Having some trouble with your dog’s bathroom habits? Wondering... “How do I make my dog poop outside?” Let’s talk about why this happens, and how to fix it.

dog outside in the woods

“Why won’t my dog poop outside?” Is that a question that you’ve asked yourself lately? It’s frustrating when you know that something is wrong—physically or emotionally—with your dog, but you don’t know what it is because they can’t tell you with words. Luckily, there are usually some signs, symptoms, and signals you can watch out for to help give you some clues. And we can help translate what your precious pooch is trying to tell you.

It’s not uncommon for dogs to have bathroom issues. Some dogs might have bad habits and need a little extra training. Some of these problems might be caused by simple stomach issues. And some dogs may have more serious health problems that need to be addressed by your pup’s veterinarian. So let’s talk about why your dog might be struggling, and how you can help them fix it.

6 Reasons Why Your Dog Won’t Poop Outside

Before we get into “how” we can fix this problem, we need to first understand the “why” behind the problem. Otherwise, you won’t see any improvements, and you could accidentally be ignoring something serious.

1. Habits & house training

The most basic and simple problem might just be that your pup isn’t pooping outside because of bad habits. And they just need to be re-trained. Remember that routine and praise are most important!  

Although you’ll naturally want to discipline your pup for pooping in the house, it’s actually more important to praise and reward them for pooping outside. When you punish them for having an accident inside the house—especially if it’s a delayed punishment—it only teaches them that you are upset about the poop itself. And this could cause them to just hide their poop in the house even more.

Having routine bathroom times will help them understand the expectations. Plus, dogs love a good routine! You can also help clarify bathroom time by having a designated space outside that is only used for “doing their business,” like a fenced-in dog run.

puppy with sad eyes

2. Needs more outdoor time

If you don’t take your pup outside enough for exercise, play time, and sniffing around time… They might actually be milking their time outdoors by delaying going poop. This might sound silly, but it’s true! If they know you are going to take them back inside the second they are done, they might be trying to delay things to get just a few more minutes outside.

3. Trauma

Your sweet pup may be afraid of things outside like loud trucks, crazy kids, storms, etc. Or they may even have traumas from abuse in their past that make it scary and difficult for them to be properly potty-trained. If they don’t feel safe, they won’t be able to do their business.

4. Constipation

If your dog isn’t pooping at all, or if they’re having random poop accidents inside the house, even though they are fully potty-trained… it could be because they are constipated. This may be caused by a medication they are taking, because they switched dog food, or because they are being fed too many scraps off the dinner table. Constipation can also come from anxiety and stress. Or even from a lack of exercise.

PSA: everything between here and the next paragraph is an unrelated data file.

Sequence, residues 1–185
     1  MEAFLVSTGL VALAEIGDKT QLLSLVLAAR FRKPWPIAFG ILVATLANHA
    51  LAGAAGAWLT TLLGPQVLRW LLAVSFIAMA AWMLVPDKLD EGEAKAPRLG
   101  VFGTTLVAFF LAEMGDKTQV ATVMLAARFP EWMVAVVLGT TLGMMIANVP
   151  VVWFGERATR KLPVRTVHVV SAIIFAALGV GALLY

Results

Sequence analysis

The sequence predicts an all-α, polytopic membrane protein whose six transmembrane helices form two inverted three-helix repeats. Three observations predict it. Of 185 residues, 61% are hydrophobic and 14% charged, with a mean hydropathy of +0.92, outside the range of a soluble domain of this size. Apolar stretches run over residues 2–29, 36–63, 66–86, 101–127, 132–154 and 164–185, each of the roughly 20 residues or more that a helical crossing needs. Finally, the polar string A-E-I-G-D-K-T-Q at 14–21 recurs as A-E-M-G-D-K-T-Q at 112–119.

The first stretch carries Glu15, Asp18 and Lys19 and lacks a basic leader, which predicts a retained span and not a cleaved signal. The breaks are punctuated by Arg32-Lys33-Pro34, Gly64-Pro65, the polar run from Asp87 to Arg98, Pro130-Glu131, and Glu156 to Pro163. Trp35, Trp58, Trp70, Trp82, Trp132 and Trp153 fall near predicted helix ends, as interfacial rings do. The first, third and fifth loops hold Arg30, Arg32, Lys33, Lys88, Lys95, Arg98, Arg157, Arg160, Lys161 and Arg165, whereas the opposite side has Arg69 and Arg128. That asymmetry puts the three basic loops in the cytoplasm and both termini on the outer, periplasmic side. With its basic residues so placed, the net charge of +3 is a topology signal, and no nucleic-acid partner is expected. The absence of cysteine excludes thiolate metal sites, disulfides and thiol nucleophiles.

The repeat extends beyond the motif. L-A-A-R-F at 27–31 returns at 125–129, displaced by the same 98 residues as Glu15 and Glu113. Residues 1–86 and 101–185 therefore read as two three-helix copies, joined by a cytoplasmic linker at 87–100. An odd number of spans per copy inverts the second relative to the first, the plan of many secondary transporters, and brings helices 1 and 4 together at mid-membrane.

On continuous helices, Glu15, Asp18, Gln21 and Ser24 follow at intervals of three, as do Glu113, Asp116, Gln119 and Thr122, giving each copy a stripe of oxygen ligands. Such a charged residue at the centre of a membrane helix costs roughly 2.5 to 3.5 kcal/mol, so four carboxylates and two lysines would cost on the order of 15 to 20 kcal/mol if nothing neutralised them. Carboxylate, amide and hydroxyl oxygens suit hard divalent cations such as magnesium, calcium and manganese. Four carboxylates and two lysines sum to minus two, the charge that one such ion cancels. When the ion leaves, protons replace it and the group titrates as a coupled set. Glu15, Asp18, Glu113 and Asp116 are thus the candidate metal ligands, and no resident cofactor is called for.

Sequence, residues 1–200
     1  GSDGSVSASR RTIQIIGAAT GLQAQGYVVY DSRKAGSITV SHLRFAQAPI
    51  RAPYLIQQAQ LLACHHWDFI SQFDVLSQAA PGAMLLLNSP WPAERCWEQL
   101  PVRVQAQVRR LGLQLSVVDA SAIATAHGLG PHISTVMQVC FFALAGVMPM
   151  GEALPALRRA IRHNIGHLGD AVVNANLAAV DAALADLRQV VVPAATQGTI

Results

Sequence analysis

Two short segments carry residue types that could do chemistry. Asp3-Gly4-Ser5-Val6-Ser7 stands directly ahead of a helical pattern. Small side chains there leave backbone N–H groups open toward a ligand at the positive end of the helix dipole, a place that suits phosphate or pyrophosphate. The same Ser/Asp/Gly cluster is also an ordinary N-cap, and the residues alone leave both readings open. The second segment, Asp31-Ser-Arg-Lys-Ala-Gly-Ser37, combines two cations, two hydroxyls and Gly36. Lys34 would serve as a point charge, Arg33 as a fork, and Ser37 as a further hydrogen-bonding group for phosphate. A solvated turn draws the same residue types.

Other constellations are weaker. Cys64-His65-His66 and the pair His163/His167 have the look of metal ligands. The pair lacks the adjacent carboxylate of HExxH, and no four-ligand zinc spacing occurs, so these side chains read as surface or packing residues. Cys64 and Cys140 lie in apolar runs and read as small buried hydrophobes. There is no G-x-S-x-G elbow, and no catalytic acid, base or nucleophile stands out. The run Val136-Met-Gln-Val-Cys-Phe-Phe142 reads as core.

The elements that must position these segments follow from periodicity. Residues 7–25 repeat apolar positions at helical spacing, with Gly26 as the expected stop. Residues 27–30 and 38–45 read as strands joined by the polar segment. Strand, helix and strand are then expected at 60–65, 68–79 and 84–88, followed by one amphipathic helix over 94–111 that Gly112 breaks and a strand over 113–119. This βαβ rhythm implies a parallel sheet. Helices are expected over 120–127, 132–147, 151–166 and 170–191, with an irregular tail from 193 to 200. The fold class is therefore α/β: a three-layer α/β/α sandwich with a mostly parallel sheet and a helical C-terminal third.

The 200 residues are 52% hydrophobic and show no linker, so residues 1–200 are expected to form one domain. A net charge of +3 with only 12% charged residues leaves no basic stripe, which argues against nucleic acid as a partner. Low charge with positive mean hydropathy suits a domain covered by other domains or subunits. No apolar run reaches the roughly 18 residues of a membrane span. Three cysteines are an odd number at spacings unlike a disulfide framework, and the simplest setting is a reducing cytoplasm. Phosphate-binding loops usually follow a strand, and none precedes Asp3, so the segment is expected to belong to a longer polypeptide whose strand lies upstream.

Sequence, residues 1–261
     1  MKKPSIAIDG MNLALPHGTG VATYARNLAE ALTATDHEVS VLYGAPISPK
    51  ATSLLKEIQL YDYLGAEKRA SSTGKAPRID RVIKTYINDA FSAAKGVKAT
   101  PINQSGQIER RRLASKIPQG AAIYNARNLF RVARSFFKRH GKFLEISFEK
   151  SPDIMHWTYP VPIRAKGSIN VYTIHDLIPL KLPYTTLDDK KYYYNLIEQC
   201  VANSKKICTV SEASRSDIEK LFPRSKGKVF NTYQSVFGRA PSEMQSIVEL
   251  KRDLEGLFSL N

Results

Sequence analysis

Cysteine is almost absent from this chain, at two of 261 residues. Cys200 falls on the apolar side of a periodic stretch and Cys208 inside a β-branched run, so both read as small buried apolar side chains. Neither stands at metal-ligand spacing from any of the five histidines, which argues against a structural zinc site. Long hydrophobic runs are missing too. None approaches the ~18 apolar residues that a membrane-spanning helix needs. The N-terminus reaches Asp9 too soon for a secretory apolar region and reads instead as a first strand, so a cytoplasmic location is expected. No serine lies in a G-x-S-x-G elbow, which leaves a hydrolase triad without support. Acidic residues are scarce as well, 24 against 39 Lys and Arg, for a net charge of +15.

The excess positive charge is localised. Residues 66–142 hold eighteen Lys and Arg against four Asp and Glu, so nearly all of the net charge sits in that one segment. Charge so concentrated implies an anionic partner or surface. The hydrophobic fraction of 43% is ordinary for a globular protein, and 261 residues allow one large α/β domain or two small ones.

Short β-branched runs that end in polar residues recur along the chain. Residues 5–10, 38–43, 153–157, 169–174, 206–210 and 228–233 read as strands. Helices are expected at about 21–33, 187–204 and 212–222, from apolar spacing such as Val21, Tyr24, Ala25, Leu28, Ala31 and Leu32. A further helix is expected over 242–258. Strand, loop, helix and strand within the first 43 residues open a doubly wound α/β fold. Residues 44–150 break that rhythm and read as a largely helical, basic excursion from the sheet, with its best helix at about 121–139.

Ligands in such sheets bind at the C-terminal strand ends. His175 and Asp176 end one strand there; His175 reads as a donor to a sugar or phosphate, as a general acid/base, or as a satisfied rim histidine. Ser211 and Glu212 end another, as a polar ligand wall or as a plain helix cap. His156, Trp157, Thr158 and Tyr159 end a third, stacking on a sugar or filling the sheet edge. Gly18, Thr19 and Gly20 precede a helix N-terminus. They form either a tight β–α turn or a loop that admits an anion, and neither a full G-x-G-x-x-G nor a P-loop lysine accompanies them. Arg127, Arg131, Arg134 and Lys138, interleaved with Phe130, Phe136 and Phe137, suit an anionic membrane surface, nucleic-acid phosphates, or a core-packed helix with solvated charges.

My dog was once very constipated, and I asked my veterinarian about it. They said to remember that “movement creates movement.” And that taking my dog for more walks could help things start to flow more. Also, they recommended feeding her canned pumpkin—which worked amazingly!

Pumpkin has tons of fiber in it, which means it helps correct stomach issues. And dogs love the taste. So I always keep a couple of cans of pumpkin on hand now. Just make sure that when you buy it, you buy completely plain, unsweetened canned pumpkin. Anything else like a sugary pie filling will just make matters worse.

5. Other medical issues

Your dog may have health issues that are worse than just standard constipation. They may be suffering from a urinary tract infection or severe gastrointestinal problems like bloat: Gastric Dilatation and Volvulus. If not treated, these things could lead to infection, urinary stones, or worse. So please make sure to always consult your veterinarian if your dog is not pooping and peeing normally, or if they aren’t eating and drinking normally.

dog on the couch

6. Senior dog

As dogs age, just like humans, they can experience incontinence. This means they just can’t “hold it” like they used to. So your senior dog may have accidents in the house, even if they never did before. At this point, you can consult your veterinarian for suggestions and help. But make sure to give your old pup a lot of grace. Keep a good carpet cleaner on hand. And some people even choose to use doggy diapers.

How to Get Your Dog to Poop Outside

Now that you’ve determined the cause of the problem, here are a few helpful tips to solve it! Again, if your dog has a medical issue, please call your veterinarian immediately. These tips are not to solve serious health issues.

  • Start a routine bathroom schedule, and stick to it.
  • Create a designated bathroom space outside like a small, fenced-in dog run.
  • Take your dog on more walks. Movement creates movement. Plus, if they are getting more exercise and playtime, they won’t doddle as much when it’s bathroom time.
  • Use canned pumpkin. Foods that are high in fiber and safe for dogs to eat will help them stay regular.
  • Praise and rewards work best! So make sure to let your pup know when they’ve done a good job, and give them a special treat right after to reinforce the good habit.
  • Talk in a sweet, calming voice. Your pup needs to know they are in a safe space to do their business.

Try these helpful tips, and before you know it, your dog will be a whole new pup!

For more helpful articles about pet-parenting tips, check out the Off Leash blog at TryFi.com.

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